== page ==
Despite the chilly days we had last weekend and early this week, my Stellata magnolia is just fine, and has covered itself in flowers. They have a slight fragrance, but nothing like some stellatas I've seen. Nor like 'Yellow Bird', which I discovered the other day down at Baldwin's had a lovely lemony fragrance. Still tempted to bring one home...


Of course for the next six weeks or more, our garden will be festooned with froths and petitpoints of forget-me-nots, one of my favourite flowers. I like the pink and white ones that pop up periodically in the garden, but the blues are my favourites, of course.


I'm really LOVING this Geum 'Mango Lassy'! It's still in its pot, so it's ahead of the geums in the garden, which are just starting to push up flower buds.


It's not a secret that I'm quite crazy about euphorbias, and while 'Fireglow' is one of my absolute favourites, this would be a close second. It's the well named, 'Fens' Ruby', and with the deep rich foliage and the strikingly neon bracts, it just appeals to my sense of fun.


The primulas are just starting to pop in earnest, and this makes me happy. I don't have a huge collection of primulas, but there are probably a dozen different species and colours out there. This purple one is a favourite; now, if I could just remember where it came from and what it's called!

A few more days and I figure everything will be UP in the garden and I can report on mortalities and successes. For now, I'll leave you with several comments:

Echinacea 'Green Envy' is up and doing just fine.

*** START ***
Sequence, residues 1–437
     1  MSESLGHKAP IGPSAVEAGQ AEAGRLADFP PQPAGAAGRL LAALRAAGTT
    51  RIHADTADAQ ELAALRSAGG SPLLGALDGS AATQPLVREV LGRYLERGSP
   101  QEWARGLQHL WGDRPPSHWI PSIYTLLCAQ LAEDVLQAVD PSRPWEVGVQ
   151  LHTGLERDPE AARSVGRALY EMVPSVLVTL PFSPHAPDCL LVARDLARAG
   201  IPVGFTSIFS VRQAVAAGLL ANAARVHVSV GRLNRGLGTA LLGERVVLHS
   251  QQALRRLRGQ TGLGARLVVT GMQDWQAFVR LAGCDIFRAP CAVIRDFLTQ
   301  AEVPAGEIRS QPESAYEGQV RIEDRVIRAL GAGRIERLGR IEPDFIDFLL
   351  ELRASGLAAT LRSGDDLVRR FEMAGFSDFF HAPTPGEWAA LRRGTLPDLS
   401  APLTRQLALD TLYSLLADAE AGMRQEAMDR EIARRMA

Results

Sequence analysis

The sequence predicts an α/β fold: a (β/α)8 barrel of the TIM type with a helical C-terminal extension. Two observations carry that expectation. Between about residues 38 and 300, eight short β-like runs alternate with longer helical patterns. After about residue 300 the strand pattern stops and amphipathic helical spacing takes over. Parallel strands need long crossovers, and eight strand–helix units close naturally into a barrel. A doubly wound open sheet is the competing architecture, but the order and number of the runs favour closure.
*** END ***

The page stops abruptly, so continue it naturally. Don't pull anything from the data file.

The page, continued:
Weigela 'My Monet' sailed through the winter with flying colours.
You already know that I have FINALLY had hellebore successes;

and I have HOLLYHOCKS! Hollyhocks, of all things. Popping up everywhere. Will any of them be yellow? Doubtful. Could this be the year, though, that I break my yellow hollyhock curse?

15 May 2008

Over the Rainbow Bridge to Catnip Land

The Rum Tum Tigger-Tugger, January 1996-15 May 2008


It's a perfect spring day here--the wind has exhausted itself, the sun is a warm balm, things are growing faster than the price of fuel...and I'm in a pool of tears. Our senior cat, Tigger, our big orange bobtail cat, died sometime overnight; I found him in the garden, no marks on him or signs of distress. I suspect it was simply a heart attack and he went to sleep. That's some comfort...but still my own heart feels like it has been ripped open. It's been nearly a year since we lost Quincy, and of course the upset with Dexter is still tender.

My son and I got Tigger and his sister JennyAnyDots from friends of ours who had six kittens. The three males were all orange bobtails; the females, all mackeral tabbies. Tigger had a strong personality, intensely affectionate, inclined to climb into a lap and then put his paw up on our faces. And purr! He was always a champion at purring, but even more he was a champion at putting the other cats in their places. He had, we would say, the fastest paddy-paws in the east.


Tigger was always my gardening companion, and I never saw a cat with more of a taste for catnip. He was obsessed with it. When we moved here 9 years ago, the first spring there was a giant catnip plant in the back yard, with gazillions of babies under it. Tigger was in catnip heaven as a result, and he ATE. EVERY. PLANT. He even ate the roots of the little plants. Now, granted, this took him quite a few weeks, and he did have help from the other catchildren, but he was the chief eater of catnip. The next year the big plant did come back a bit, and he finished it off; but he always went back regularly to the spot where that plant was, even this spring, remembering his glory days of overindulgence, I guess. He'd eat catmint in a pinch, too, but his main love was for his drug of choice.